- Jethro Tull (Not the band)
Born in 1674, Jethro was a British farmer, agronomist, writer, and inventor. He brought to the world two small, simple inventions. One was a horse-drawn seed drill, a simple method of planting seeds in a neat row and equal distance. Apparently, before that, what everybody was doing was just to toss a handful of seeds randomly and go back to drink and throw axes at minstrels.
The second thing he did was to notice the benefits of pulverization and stirring of soil around the plants (to improve aeration and access to water). He invented the horse-drawn hoe (predecessor to a modern cultivator).
The combined effect of these two inventions, when they were implemented in the agriculture of England in the next few decades, changed the world more than anything ever before, more than the invention of printing, electricity, computers, or even Netflix. For the first time in history, everybody in a whole nation had more food than it could eat. There was a population explosion in England and people with no jobs on the farms moved to the cities. Farmers (that’s like 95% of the population back then) suddenly had extra money to buy stuff. Manufacturing (mass production of stuff) was needed for the first time – and so, it was invented. Hargreaves, Cartwright, and Watt (inventors of mechanical weaving and the steam engine) all based their inventions on Tull’s horse-drawn tools.
This started the period that you might know as the “Industrial Revolution” that spread through the world in the next 100 years. If you look at the history of humanity (based on population numbers) on a graph, you will see only a few moments of any importance. From the invention of farming, some 7-8.000 years ago up to the Industrial Revolution in the 18th century, there was no change, nothing really important in human development happened there. Around 150 million people lived on earth in 800 BC, and 600 million people lived in 1700, 2.500 years later. Then in the 250 years since Jethro Tull (1750-2000), we grew from 650 million to 6.5 BILLION. Statistically, without Jethro, we (you and me) would probably not exist.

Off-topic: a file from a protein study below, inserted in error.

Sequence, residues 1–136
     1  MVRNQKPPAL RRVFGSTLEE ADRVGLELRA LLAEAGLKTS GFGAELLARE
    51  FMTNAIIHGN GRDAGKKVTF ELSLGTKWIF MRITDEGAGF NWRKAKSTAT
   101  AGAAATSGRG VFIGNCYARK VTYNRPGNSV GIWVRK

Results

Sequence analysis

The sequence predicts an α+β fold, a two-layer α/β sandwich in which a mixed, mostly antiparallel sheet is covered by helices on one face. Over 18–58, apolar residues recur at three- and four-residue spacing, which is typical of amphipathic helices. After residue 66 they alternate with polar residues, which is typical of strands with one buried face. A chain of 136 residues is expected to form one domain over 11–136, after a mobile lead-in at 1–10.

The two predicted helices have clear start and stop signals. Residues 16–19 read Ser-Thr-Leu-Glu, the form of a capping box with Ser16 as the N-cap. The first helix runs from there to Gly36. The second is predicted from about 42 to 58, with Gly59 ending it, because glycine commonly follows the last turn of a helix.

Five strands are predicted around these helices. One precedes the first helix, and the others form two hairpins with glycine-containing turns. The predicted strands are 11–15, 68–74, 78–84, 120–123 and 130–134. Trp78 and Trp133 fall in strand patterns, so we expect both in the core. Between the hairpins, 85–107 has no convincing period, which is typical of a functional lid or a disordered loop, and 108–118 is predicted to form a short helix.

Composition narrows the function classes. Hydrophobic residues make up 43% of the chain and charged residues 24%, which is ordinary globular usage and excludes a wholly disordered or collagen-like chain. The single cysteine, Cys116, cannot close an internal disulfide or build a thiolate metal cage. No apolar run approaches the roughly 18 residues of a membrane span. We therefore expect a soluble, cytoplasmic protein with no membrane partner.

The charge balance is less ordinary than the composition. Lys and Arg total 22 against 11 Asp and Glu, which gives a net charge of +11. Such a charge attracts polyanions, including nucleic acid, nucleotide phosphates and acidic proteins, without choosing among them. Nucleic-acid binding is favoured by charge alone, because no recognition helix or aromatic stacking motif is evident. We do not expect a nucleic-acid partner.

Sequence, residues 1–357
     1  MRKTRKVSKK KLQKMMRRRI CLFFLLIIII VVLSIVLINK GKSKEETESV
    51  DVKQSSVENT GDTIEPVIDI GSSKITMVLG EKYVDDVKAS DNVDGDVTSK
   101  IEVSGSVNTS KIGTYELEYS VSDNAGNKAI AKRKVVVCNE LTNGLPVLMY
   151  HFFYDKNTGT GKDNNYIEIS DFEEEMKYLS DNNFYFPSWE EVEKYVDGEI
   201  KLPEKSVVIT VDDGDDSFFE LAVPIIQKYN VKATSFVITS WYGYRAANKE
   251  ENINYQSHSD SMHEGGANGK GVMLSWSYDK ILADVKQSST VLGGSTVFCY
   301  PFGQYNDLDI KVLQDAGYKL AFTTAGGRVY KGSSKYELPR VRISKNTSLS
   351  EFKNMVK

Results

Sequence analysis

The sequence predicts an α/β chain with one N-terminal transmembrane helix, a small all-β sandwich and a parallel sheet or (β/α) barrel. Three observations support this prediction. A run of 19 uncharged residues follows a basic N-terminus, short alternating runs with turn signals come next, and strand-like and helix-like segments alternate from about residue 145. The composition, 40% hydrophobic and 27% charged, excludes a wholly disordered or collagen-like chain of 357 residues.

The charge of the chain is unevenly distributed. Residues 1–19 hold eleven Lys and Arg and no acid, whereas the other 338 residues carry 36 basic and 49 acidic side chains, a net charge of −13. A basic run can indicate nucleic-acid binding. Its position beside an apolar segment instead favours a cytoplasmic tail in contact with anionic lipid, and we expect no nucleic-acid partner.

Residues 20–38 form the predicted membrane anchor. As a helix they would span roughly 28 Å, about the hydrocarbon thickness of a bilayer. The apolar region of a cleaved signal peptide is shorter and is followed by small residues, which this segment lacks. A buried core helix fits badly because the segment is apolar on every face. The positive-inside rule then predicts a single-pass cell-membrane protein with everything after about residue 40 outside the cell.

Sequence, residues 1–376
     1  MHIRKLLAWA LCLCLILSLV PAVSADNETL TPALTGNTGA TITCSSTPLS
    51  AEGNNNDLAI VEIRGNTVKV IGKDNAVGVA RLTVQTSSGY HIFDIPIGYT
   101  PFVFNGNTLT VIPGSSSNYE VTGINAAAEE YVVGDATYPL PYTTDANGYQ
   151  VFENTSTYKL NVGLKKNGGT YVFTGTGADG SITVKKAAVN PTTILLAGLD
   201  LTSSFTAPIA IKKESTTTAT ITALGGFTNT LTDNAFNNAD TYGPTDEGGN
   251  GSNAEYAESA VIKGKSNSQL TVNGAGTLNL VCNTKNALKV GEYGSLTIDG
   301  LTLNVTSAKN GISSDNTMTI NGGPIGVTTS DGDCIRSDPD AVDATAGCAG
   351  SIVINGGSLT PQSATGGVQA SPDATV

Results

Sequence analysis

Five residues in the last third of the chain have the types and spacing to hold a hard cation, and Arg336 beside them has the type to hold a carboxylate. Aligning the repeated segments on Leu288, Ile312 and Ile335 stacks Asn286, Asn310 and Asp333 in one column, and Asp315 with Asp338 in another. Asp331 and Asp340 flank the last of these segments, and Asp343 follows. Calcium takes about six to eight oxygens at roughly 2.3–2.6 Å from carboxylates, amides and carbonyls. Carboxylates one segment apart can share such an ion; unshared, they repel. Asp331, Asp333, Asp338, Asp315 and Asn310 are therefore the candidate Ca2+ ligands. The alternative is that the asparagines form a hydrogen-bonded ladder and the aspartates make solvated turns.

3. Alexander von Humboldt
Alex was born in Germany in 1769 and was, during his lifetime, the most famous person in the western world. He was a scholar of many different sciences, from botanical geography to meteorology, a naturalist, explorer, and author of a whole library of books that were the ultimate bestsellers of the time. To put a brief history of his life in a small paragraph would be like trying to explain the plot of “Inception” in three words (“Man take naps”. Done).
Let’s just note that more species are named after Humboldt than any other human. There are still thousands of monuments, parks, universities, streets, places, schools, and ships named after him in all of Europe and all of the Americas, more than any other scientist in history. Both Darwin and Goethe were inspired by Humboldt in their works. Thomas Jefferson said about him “I consider him the most important scientist whom I have met”. Napoleon Bonaparte remarked to him, “You have been studying Botanics? Just like my wife!”
His work laid foundations for modern geology, meteorology, geomagnetic monitoring…He discovered the connection between climate, geology, and nature/life. He was the first person to describe the phenomenon and cause of human-induced climate change. And, which is totally not important but I want to note it, he was a gay man.